Professor G. A. Cohen of Oxford University, whose acquaintance it was my distasteful experience to make while in Oxford, wrote in his book Self-Ownership, Freedom and Equality (Cambridge: Cambridge University Press, 1995) of his sorrow at the disappearance of the Union of Soviet Socialist Republics. According to Cohen, who grew up in a family that was dedicated to the fastening of communist tyranny on the entire world, he was (in 1989) “saddened by what I perceive to be the impending final abandonment of the Bolshevik experiment.” According to Cohen, “It is true that I was heavily critical of the Soviet Union, but the angry little boy who pummels his father’s chest will not be glad if the old man collapses.” Cohen’s criticism amounted to complaining that the USSR was not socialist enough, that it was straying from its original principles, not that it was a gigantic prison. (Of course, as has been known from the first, being a gigantic prison was its original principle.)
I hope that Cohen and the thousands of other apologists for dictatorship still among us read Anne Applebaum’s book Gulag: A History. It is almost certainly one of the most important books of the past decade. Applebaum is a fine journalist, an excellent writer, and a judicious historical researcher. I cannot recommend her book too highly. But I warn all but the most hard-hearted of readers: do not expect to get through her book without weeping, not–with G. A. Cohen–for the collapse of the “Bolshevik experiment” in organized mass murder, but for the suffering of millions and millions of innocent victims. I hope that the Cohens of the world read this book and realize that every moment of their lives was ultimately pointless. They strove to impose their cruel vision of a new man on the old, only to find that it was all for naught. Of course, plenty of them made lots of money from it, G. A. Cohen among them. (Cohen wrote a truly loathesome–and philosophically feeble–defense of himself titled If You’re an Egalitarian, How Come You’re So Rich? [Cambridge, Mass.: Harvard University Press, 2000].) I can only hope that they taste the ashes of their wasted lives every day they still draw breath. For the rest of us, we should read Gulag: A History to know the truth about the twentieth century.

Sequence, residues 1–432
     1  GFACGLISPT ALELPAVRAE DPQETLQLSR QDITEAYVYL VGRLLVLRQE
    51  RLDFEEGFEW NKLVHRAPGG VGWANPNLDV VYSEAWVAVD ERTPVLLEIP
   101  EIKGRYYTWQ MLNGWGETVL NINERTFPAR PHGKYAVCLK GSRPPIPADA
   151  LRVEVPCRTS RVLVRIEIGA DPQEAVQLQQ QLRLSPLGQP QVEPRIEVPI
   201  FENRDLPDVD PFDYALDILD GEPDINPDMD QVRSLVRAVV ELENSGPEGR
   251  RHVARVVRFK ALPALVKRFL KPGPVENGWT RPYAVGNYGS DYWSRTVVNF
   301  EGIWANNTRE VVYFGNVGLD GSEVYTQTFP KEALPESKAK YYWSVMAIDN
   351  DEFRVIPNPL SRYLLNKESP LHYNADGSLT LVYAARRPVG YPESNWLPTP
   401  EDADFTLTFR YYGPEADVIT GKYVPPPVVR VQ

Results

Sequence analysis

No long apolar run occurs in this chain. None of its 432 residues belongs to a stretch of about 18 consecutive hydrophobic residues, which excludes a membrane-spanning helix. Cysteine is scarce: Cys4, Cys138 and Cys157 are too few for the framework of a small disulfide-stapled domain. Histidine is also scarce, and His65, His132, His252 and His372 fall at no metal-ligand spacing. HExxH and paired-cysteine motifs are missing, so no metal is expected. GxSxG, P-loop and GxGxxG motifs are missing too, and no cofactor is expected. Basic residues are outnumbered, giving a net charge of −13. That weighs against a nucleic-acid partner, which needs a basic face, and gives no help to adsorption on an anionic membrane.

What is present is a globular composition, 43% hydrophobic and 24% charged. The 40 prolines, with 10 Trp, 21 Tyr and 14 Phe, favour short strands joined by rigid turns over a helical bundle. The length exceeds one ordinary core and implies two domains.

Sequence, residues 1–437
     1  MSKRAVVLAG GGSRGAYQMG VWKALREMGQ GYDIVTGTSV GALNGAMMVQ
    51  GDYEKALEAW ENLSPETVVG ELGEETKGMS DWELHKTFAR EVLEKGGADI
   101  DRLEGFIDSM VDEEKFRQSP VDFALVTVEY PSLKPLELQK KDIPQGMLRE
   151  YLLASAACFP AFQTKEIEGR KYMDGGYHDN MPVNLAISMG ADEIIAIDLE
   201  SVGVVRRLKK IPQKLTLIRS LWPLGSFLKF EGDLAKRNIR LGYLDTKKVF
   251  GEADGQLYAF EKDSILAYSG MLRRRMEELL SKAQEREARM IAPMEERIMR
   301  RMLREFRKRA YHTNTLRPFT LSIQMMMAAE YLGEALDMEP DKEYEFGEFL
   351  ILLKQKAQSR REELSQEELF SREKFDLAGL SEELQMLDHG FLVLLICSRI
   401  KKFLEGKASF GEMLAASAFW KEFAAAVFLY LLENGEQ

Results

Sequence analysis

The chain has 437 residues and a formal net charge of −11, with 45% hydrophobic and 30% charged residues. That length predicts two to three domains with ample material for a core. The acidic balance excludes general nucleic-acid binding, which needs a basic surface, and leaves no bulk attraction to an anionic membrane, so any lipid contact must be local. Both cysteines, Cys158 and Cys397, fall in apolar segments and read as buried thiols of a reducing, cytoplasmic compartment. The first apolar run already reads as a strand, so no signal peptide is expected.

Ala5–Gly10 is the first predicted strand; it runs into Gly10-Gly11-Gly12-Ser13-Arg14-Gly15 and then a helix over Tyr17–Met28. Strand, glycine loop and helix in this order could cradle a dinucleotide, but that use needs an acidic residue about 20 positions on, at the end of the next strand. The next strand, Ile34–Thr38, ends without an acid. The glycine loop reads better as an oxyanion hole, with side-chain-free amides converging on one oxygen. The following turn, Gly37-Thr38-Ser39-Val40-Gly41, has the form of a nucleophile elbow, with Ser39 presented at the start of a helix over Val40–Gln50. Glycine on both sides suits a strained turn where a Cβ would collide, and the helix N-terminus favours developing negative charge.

A book on the history of the Armenian Massacres or of the Shoah or of the Gulag or of the Great Leap Forward or of Ethnic Cleansing is likely to end with an invocation of the slogan, ‘Never Again!’ Applebaum is wiser. She concludes her book as follows:
“This book was not written ‘so that it will not happen again,’ as the cliche would have it. This book was written because it almost certainly will happen again. Totalitarian philosophies have had, and will continue to have, a profound appeal to many millions of people. Destruction of the ‘objective enemy,’ as Hannah Arendt once put it, remains a fundamental object of many dictatorships. We need to know why–and each story, each memoir, each document in the history of the Gulag is a piece of the puzzle, a part of the explanation. Without them, we will wake up one day and realize that we do not know who we are.”
To paraphrase an influential thinker of some two millennia ago, “The G. A. Cohens we have always with us.”